For immediate release:
Washington, D.C. – December 18, 2012 – The American Institute of Architects (AIA) has selected, Ginnie Cooper, Chief Librarian and Executive Director of the District of Columbia Public Libraries and Michael Pyatok, FAIA, an architect who has dedicated his career to the theory and practice of public housing design, to receive the 2013 Thomas Jefferson Award for Public Architecture. This year’s award recipients will be honored and receive their awards at the 2013 AIA National Convention and Design Exposition in Denver.
The Thomas Jefferson Award recognizes excellence in architectural advocacy and achievement in three categories: Private-sector architects who have established a portfolio of accomplishment in the design of architecturally distinguished public facilities (category 1); public-sector architects who manage or produce quality design within their agencies (category 2); and public officials or other individuals who by their role of advocacy have furthered the public's awareness and/or appreciation of design excellence (category 3).
Category One: Michael Pyatok, FAIA
As the head of Pyatok Architects, based in Oakland, Calif., Michael Pyatok, FAIA, has focused on elevating the quality of design in affordable and low-income housing.
Pyatok grew up in a tenement in an industrial district of Brooklyn, N.Y., and he developed an early interest in low-income and affordable housing. He earned a bachelor’s of architecture from Pratt and a master’s of architecture from the Harvard University Graduate School of Design, and later, between 1966 and 1984, he worked for several firms in Baltimore, New York, Helsinki, and California, where he eventually settled.
In 1984, he founded Pyatok Architects after completing a Loeb Fellowship at Harvard, where he studied housing policy and the role of design in shaping low-income communities. By the time he launched his firm, Pyatok had developed a strong belief in the importance of well-designed affordable and low-income housing.
An early advocate for density, mixed uses, and proximity to transit and services in low-income communities, Pyatok developed site planning and design strategies to create “cozy communities,” or intimate groupings of neighbors that foster social cohesion among at-risk households.
His approach was quickly recognized as a national model, and in 1995 the National Endowment for the Arts (NEA) and the AIA awarded him grants to write a book about the design of government assisted housing. The book, which he co-authored with Tom Jones and William Pettus, is titled Good Neighbors: The Design of Affordable Family Housing, and it is used as a standard by affordable housing developers across the U.S.
Today, with a staff of 25, he has designed more than 35,000 dwellings in hundreds of public projects in the United States. He also has master planned more than 5,000 dwellings in low-income communities in the Philippines and Malaysia. Pyatok’s work has been recognized with more than 150 design awards. The U.S. Department of Housing and Urban Development, Fannie Mae, and the National Association of Housing and Redevelopment Officials have all recognized his contributions to the design of publicly assisted housing and neighborhood redevelopment.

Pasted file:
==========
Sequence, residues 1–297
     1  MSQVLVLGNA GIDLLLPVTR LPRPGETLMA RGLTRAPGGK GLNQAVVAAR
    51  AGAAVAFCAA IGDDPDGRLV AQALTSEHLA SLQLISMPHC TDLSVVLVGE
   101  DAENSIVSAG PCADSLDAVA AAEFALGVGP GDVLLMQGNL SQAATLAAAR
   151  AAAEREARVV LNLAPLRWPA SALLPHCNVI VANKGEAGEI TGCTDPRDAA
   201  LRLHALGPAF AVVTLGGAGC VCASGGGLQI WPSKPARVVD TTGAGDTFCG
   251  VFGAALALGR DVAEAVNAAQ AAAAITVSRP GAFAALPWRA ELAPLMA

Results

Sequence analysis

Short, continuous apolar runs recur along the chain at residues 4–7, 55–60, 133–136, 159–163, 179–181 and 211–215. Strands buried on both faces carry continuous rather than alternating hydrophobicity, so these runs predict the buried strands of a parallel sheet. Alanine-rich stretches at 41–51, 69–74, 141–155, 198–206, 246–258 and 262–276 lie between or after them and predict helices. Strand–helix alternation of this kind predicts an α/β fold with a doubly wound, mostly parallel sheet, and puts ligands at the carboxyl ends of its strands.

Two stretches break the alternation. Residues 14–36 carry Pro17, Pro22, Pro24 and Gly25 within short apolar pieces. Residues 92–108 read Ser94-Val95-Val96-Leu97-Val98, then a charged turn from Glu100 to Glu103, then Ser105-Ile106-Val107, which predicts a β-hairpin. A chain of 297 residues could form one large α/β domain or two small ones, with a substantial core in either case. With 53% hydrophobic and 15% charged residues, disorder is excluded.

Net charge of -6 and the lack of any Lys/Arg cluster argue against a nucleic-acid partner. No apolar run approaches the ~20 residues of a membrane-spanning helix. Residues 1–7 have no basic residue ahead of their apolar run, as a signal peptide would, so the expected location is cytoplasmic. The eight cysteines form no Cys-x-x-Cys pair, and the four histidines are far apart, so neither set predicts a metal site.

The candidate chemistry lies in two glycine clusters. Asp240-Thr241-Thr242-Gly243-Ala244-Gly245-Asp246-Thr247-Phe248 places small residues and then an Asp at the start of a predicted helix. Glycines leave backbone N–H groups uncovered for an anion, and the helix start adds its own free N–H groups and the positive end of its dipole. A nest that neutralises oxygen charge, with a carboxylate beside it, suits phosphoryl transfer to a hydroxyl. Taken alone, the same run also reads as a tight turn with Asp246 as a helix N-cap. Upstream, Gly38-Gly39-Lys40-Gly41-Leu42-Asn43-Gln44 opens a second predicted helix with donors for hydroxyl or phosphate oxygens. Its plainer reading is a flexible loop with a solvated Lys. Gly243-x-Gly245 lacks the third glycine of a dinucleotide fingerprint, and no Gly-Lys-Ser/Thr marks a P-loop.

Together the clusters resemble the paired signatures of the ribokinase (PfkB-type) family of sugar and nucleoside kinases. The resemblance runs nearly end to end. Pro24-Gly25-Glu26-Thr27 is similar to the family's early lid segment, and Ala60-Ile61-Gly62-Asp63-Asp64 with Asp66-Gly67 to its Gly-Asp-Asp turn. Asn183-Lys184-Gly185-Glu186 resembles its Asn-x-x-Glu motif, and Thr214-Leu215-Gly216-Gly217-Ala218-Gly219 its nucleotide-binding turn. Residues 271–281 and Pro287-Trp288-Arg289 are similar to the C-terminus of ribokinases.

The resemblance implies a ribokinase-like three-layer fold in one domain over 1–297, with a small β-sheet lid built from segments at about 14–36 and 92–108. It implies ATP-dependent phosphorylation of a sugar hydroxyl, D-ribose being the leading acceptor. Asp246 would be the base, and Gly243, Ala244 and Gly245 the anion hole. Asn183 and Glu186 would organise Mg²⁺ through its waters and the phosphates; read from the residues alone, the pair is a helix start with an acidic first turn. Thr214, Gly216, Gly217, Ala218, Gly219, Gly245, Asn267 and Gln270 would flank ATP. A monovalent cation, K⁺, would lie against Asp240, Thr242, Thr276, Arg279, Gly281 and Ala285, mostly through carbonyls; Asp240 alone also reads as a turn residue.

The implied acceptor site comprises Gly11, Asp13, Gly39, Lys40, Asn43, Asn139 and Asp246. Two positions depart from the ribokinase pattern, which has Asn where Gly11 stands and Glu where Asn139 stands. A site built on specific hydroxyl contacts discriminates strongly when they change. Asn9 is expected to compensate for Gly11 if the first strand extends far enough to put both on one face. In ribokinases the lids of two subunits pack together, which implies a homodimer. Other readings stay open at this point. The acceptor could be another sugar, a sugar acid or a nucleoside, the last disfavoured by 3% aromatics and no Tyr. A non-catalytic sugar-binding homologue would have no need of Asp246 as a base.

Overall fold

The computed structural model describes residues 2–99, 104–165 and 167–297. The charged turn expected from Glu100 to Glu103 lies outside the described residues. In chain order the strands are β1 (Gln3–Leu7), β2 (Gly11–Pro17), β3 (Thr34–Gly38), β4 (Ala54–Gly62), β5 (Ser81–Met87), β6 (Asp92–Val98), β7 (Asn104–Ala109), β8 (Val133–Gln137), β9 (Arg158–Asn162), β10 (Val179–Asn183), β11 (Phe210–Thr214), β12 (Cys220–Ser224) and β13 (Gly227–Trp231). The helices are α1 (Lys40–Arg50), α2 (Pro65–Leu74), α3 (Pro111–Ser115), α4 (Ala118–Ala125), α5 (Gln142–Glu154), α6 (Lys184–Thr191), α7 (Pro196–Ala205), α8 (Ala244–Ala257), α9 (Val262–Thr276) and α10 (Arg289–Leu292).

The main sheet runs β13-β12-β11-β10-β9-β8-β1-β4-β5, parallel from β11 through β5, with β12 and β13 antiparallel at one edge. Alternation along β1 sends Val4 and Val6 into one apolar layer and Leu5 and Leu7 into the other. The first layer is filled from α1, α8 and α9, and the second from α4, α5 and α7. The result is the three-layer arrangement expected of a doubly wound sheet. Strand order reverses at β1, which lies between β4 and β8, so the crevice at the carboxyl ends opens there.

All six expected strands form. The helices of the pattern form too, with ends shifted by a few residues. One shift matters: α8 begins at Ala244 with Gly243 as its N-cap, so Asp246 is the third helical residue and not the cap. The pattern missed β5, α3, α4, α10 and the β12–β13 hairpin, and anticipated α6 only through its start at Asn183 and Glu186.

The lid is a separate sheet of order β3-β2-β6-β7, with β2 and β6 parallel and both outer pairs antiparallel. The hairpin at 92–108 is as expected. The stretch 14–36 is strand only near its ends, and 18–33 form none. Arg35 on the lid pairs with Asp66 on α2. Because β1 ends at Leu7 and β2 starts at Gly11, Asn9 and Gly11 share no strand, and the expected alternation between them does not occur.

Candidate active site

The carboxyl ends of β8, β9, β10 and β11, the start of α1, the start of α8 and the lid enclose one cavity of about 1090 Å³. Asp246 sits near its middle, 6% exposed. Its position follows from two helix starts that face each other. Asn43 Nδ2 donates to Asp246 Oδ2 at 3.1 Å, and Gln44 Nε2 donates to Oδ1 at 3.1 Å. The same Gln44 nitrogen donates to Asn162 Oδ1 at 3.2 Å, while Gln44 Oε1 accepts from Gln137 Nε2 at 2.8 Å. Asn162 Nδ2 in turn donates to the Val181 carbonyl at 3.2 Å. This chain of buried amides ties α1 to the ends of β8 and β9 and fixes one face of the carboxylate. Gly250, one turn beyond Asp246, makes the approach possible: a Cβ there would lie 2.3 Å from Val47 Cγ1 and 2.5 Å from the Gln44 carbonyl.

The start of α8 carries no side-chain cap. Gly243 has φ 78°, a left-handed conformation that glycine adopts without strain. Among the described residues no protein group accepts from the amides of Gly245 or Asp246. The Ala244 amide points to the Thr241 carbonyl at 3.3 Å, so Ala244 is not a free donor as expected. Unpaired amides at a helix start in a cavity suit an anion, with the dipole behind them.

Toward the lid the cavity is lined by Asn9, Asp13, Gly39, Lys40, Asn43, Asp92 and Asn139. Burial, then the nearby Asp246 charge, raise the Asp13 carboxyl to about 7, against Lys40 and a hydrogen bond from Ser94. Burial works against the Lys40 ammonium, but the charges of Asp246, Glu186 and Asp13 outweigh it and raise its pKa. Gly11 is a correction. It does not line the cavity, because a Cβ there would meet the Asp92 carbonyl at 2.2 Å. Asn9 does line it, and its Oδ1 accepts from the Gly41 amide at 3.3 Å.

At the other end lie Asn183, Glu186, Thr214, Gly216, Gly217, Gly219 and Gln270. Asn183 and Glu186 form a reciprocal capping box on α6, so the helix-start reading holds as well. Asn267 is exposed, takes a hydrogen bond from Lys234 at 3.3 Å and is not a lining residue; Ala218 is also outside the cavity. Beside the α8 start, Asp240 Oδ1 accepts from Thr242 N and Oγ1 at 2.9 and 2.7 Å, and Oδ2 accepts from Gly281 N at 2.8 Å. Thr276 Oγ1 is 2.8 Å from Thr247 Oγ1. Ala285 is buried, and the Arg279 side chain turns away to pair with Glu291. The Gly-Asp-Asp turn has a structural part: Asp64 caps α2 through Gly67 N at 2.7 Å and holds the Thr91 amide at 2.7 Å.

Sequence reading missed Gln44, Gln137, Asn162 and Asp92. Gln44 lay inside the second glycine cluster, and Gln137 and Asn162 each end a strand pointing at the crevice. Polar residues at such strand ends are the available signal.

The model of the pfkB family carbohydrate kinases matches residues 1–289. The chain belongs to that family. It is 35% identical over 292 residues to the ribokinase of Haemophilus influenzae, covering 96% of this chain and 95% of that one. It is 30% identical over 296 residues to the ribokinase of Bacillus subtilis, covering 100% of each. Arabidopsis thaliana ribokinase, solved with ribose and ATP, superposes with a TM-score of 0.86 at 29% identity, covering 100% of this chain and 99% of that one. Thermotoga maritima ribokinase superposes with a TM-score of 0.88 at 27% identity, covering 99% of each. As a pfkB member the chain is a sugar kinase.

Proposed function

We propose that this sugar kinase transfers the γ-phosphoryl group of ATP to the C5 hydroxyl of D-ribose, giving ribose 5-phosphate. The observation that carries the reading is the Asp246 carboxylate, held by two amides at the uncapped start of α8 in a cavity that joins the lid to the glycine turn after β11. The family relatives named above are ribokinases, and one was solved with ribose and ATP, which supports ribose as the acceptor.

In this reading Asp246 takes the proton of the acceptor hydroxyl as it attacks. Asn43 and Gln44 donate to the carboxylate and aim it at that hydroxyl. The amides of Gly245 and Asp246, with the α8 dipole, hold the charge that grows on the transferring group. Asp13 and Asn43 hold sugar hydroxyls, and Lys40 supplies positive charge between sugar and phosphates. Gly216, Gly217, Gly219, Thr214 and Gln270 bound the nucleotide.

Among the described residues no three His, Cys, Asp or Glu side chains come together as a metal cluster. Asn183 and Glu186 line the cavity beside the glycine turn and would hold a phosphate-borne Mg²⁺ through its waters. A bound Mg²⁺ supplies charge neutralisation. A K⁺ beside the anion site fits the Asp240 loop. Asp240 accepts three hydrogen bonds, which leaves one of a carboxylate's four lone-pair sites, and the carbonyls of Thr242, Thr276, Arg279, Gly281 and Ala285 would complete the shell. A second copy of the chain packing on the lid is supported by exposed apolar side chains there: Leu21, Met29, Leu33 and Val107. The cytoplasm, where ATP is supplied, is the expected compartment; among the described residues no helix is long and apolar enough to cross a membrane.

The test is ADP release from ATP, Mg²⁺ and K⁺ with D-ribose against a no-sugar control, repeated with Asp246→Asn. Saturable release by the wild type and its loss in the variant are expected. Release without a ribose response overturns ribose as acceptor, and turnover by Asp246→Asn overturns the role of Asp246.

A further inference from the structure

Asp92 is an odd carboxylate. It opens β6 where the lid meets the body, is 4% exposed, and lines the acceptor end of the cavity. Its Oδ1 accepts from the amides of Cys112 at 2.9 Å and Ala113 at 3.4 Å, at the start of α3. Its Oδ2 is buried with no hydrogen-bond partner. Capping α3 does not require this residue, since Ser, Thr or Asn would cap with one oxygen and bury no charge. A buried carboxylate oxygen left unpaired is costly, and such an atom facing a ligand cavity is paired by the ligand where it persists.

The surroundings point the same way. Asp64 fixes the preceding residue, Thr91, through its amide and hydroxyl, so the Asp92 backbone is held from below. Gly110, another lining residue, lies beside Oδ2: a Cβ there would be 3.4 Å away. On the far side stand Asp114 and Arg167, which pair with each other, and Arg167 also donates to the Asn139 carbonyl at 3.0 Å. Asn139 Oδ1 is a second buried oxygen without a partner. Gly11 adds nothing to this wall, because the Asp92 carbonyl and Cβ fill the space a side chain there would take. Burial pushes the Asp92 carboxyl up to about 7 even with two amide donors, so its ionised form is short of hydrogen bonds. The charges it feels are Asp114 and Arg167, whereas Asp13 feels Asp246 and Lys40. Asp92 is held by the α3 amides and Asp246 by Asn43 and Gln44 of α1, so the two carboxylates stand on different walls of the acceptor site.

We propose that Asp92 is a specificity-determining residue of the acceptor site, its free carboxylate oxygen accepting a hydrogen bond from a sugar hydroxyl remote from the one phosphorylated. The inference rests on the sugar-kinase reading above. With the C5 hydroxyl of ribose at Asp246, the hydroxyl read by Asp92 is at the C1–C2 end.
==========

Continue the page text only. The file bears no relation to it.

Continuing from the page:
Category Three: Ginnie Cooper
As the leader of the District of Columbia Public Libraries, Cooper is credited for the recent renaissance in library construction and renovation in the nation’s capital.
After earning a master’s in library science from the University of Minnesota, Cooper began her career in 1970 as a librarian in a suburban district in Washington County, Minn. From there she went on to take the reins of several large library systems across the country, including Brooklyn Public Library and its 59 neighborhood branches and Multnomah County Library in Portland, Ore., the largest library in the state.
In July 2006, Cooper joined the District of Columbia Public Library as chief librarian
and executive director. She was charged with transforming the public library at a time when its building stock was “in ruins, and scheduled replacements were uninspired,” according to the nomination letter written by Jonathan Penndorf, AIA, President of AIA D.C.
Key to Cooper’s success in D.C. was her ability to attract well-known architects who designed iconic buildings that stood as community beacons. “Our public buildings were one of our proudest achievements, and now Ms. Cooper has revived that tradition for a new century,” Penndorf wrote. Among the firms Cooper has retained for the overhaul of D.C.’s libraries are London-based Adjaye Associates, The Freelon Group, based in Durham, N.C., New York-based Davis Brody Bond, and several firms based in Washington, D.C., including CORE, Bell Architects, and Wiencek + Associates.
Cooper’s approach has resulted in buildings that the community has noticed and embraced. “In a city filled with federal memorials and museums, she has created a series of local landmarks that are both architectural achievements and an enormous source of community pride,” wrote Tommy Wells, Washington, D.C., councilmember and chairman of the Committee on Libraries, Parks, Recreation, and Planning.
About The American Institute of Architects
For over 150 years, members of the American Institute of Architects have worked with each other and their communities to create more valuable, healthy, secure, and sustainable buildings and cityscapes. Members adhere to a code of ethics and professional conduct to ensure the highest standards in professional practice. Embracing their responsibility to serve society, AIA members engage civic and government leaders and the public in helping find needed solutions to pressing issues facing our communities, institutions, nation and world. Visit www.aia.org.